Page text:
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RE: Guidelines suggested text for checklist:
Alan DeKok writes...
> Suggested text (long quote for context)
> Code changes can also be required in the RADIUS server's receive
> path, due to limitations in RADIUS server policy languages, which
> typically only provide for limited operations (such as comparisons or
> arithmetic operations) on the basic data types. Most existing RADIUS
> policy languages typically are not capable of parsing sub-elements,
> or providing sophisticated matching functionality.
> Given these limitations, the introduction of complex attributes can
> require code changes on the RADIUS server which would be unnecessary
> if basic data types had been used instead. In addition, attribute-
> specific parsing means more complex software to develop and maintain.
> More complexity can lead to more error prone implementations, and
> inter-operatibility problems. This issues can increase costs to
> network administrators as well as reducing reliability and
> introducing deployment barriers. As a result, the introduction of
> new complex data types within RADIUS attribute specifications SHOULD
> be avoided.
> The exception to this recommendation is for complex types that can be
> treated as opaque data by the RADIUS server. For example, the EAP-
> Message attribute, defined in [RFC3579] Section 3.1 contains a
> complex data type that is an EAP packet. Since these complex types
> do not need to be parsed by the RADIUS server, the issues arising
> from policy language limitations do not arise. Similarly, since
> attributes of these complex types can be configured on the server
> using a data type of String, dictionary limitations are also not
> encountered. Appendix A includes a series of checklists that may be
> used to analyze a design for RECOMMENDED and NOT RECOMMENDED
> If the RADIUS Server simply passes the contents of an attribute to
> some non-RADIUS portion of the network, then the data is opaque, and
> SHOULD be defined to be of type "string". A concrete way of judging
> this requirement is whether or not the attribute definition in the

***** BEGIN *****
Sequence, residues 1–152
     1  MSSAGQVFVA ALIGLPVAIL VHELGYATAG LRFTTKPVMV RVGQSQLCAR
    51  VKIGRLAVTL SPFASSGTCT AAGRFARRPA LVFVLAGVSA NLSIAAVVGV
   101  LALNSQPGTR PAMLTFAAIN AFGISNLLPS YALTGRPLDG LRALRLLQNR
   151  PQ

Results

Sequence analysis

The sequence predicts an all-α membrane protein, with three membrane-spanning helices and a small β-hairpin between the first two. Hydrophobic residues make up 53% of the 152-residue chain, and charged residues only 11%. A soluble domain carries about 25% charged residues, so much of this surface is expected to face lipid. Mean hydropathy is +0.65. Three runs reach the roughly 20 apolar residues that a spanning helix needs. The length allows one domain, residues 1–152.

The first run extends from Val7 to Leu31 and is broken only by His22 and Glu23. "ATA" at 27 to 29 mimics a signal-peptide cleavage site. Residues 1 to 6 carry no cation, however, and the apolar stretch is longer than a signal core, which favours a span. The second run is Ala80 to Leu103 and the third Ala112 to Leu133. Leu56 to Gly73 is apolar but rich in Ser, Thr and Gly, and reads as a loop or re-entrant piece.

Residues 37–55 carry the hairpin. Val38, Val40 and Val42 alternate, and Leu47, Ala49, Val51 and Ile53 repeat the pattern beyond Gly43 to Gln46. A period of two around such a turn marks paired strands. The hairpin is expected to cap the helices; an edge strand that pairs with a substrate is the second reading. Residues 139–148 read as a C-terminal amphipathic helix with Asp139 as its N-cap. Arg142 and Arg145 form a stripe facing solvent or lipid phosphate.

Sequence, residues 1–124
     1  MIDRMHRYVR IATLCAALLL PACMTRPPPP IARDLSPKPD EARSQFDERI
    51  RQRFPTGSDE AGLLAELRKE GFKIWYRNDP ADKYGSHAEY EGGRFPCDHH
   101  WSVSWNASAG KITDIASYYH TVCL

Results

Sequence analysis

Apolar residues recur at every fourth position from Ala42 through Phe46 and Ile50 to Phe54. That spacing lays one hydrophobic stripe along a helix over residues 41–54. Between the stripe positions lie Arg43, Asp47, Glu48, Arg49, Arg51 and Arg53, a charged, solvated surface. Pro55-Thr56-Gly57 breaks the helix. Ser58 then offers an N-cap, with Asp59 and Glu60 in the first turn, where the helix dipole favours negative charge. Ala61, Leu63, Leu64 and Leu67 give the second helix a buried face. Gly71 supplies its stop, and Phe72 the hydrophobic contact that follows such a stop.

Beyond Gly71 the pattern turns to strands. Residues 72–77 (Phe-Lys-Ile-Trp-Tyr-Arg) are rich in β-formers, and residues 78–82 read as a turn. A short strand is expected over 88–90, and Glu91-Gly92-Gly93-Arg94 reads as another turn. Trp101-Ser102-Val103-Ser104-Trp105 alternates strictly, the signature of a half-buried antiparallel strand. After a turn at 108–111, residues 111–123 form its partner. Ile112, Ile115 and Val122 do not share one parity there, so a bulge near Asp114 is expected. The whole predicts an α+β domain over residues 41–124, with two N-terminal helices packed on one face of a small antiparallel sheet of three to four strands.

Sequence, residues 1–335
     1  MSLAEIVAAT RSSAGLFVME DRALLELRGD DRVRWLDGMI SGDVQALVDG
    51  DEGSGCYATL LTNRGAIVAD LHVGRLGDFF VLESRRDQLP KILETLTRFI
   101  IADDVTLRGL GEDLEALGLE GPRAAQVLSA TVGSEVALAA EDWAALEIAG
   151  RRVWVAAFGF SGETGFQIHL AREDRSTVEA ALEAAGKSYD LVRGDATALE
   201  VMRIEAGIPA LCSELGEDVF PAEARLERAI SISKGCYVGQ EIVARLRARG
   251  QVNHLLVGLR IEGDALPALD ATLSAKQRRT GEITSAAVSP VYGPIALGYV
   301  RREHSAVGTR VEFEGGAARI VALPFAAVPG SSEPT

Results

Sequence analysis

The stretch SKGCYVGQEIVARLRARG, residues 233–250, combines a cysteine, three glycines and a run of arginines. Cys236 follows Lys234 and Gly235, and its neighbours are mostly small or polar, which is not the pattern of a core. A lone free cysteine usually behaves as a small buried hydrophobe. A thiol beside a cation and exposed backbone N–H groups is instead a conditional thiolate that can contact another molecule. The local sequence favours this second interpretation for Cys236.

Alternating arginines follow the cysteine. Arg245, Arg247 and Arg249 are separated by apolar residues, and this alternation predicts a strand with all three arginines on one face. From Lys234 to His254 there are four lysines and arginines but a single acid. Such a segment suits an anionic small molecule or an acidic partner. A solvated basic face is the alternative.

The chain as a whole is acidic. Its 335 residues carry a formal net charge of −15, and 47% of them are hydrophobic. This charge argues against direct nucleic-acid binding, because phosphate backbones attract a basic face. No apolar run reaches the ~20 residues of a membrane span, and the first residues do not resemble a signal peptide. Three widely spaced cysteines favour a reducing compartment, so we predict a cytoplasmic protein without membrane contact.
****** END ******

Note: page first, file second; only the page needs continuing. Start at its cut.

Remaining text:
> RADIUS document contains delineated fields for sub-parts of the data.
> If fields need to be delineated in RADIUS, then the data is not
> opaque, and it SHOULD be separated into individual RADIUS attributes.
> An examination of existing RADIUS RFCs discloses a number of complex
> attributes that have already been defined. Appendix B includes a
> listing of complex attributes utilized within [RFC2865], [RFC2868],
> [RFC2869], [RFC3162], [RFC4818], and [RFC4675]. The discussion of
> these attributes includes reasons why a complex type is acceptable,
> or suggestions for how the attribute could have followed the RADIUS
> data model.
> As can be seen in Appendix B, most of the complex attributes involve
> authentication or security functionality. Supporting this
> functionality requires code changes on both the RADIUS client and
> server, regardless of the attribute format. As a result, in most
> cases, the use of complex attributes to represent these methods is
> acceptable, and does not create additional interoperability or
> deployment issues.
> Suggested text:
> 2.1.4. Service definitions and RADIUS
> New specifications SHOULD avoid defining message formats for services
> inside a RADIUS document. In addition, the service being provisioned
> SHOULD NOT be defined in a RADIUS specification. RADIUS attributes
> are intended to
> * authenticate users
> * authorize users (i.e. service provisioning or changes to
> * account for user activity (i.e. logging of session activity)
> RADIUS also SHOULD NOT be extended to new commands via attributes.
> New commands (i.e. the Code field in the packet header) are allocated
> only through "IETF Consensus" as noted in [RFC3575] Section 2.1.
> Specifications SHOULD NOT use new attributes to modify the
> interpretation of existing RADIUS commands.
> For new services using RADIUS, the service SHOULD be defined
> elsewhere, and provisioned in RADIUS.
This looks good to me.
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